And with the advancements of DNA tests, breeders create just about any color coat, and they’re getting fancier with the coats produced over time.
Below are the different Goldendoodle colors:
Apricot-colored Goldendoodles are one of the most desired Goldendoodle color coats – because of their teddy bear appearance. And what makes them even cuter is their black eye rims, toenails, and nose.
Over time, however, their color tends to lighten, and they may easily be mistaken for cream or tan doodles.
An interesting tidbit about this doodle color is that it’s suspected to have come about due to a unique combination of brown, blue, and silver genes.
This brown is the most common Goldendoodle puppy color. And by brown, we mean deep mahogany to dark walnut color.
Mind you, the “café-au-lait” is another official poodle color that looks a lot like brown; therefore, you’re likely to run into many brownish-colored poodles.
The brown coloring is due to the Poodle’s dominant gene. So if there are any Poodle parents with Brown coat genes inthier history, you may see a multigen Goldendoodle with this coat color.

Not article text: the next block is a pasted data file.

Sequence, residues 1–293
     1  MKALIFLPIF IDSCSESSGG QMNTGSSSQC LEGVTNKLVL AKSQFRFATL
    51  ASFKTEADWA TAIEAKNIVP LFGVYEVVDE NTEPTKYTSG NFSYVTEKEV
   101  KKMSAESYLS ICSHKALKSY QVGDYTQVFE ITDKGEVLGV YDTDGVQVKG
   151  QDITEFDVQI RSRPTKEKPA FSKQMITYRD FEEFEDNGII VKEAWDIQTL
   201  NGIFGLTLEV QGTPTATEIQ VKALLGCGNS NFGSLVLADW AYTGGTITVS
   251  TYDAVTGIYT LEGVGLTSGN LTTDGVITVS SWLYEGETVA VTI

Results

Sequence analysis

Often, people get Labradoodle or white Goldendoodles confused with cream Goldendoodles because of the light coat.
Breeders commonly use this cream color for breeding multi-color coat doodles, as is visible when you observe the Phantom, Mele, and Parti poodles.
The physical features of cream doods vary widely. Some have lighter toenails, lighter colored eyes, and light brown noses, while others have pinkish skin (be careful of dog sunburn).
Cream-colored Goldendoodles have the largest physical attributes variations, making it highly unlikely to see two cream poodles with similar physical attributes.
The Red Goldendoodle is another widely sought-after coat color because it’s so cute, resembling a little teddy bear. It’s a red mahogany color and the brightest among all the different doodle colors.
A Red doodle is created by breeding a standard color Golden Retriever with a darker colored Poodle. It is difficult to get this precise coat color without drifting towards Apricot or Golden.
5. Black Goldendoodle
Black Goldendoodles are among the unique and rarer varieties. They’re all-black, including their eyes, paws, pads, nose, and other physical features.
Black doodles are a result of a recessive gene’s genetic diversity in the Poodle or Golden Retriever.
To produce a black doodle, both the Poodle and the Golden Retriever must have this recessive gene. For this reason, you’ll rarely find this color among these doodles.
6. Sable Coat Goldendoodle
The Sable is another unique doodle color with an interesting story behind it.
It’s hard to believe, but they’re not born with their black and white coat color. Sables are born dark brown or solid black, but as they get older, the puppy coat grows out, and the dark colors fade out.
Eventually, when the sable doodle matures, its coat is tan or lighter cream with black tips. And, interestingly, the black tips don’t fade.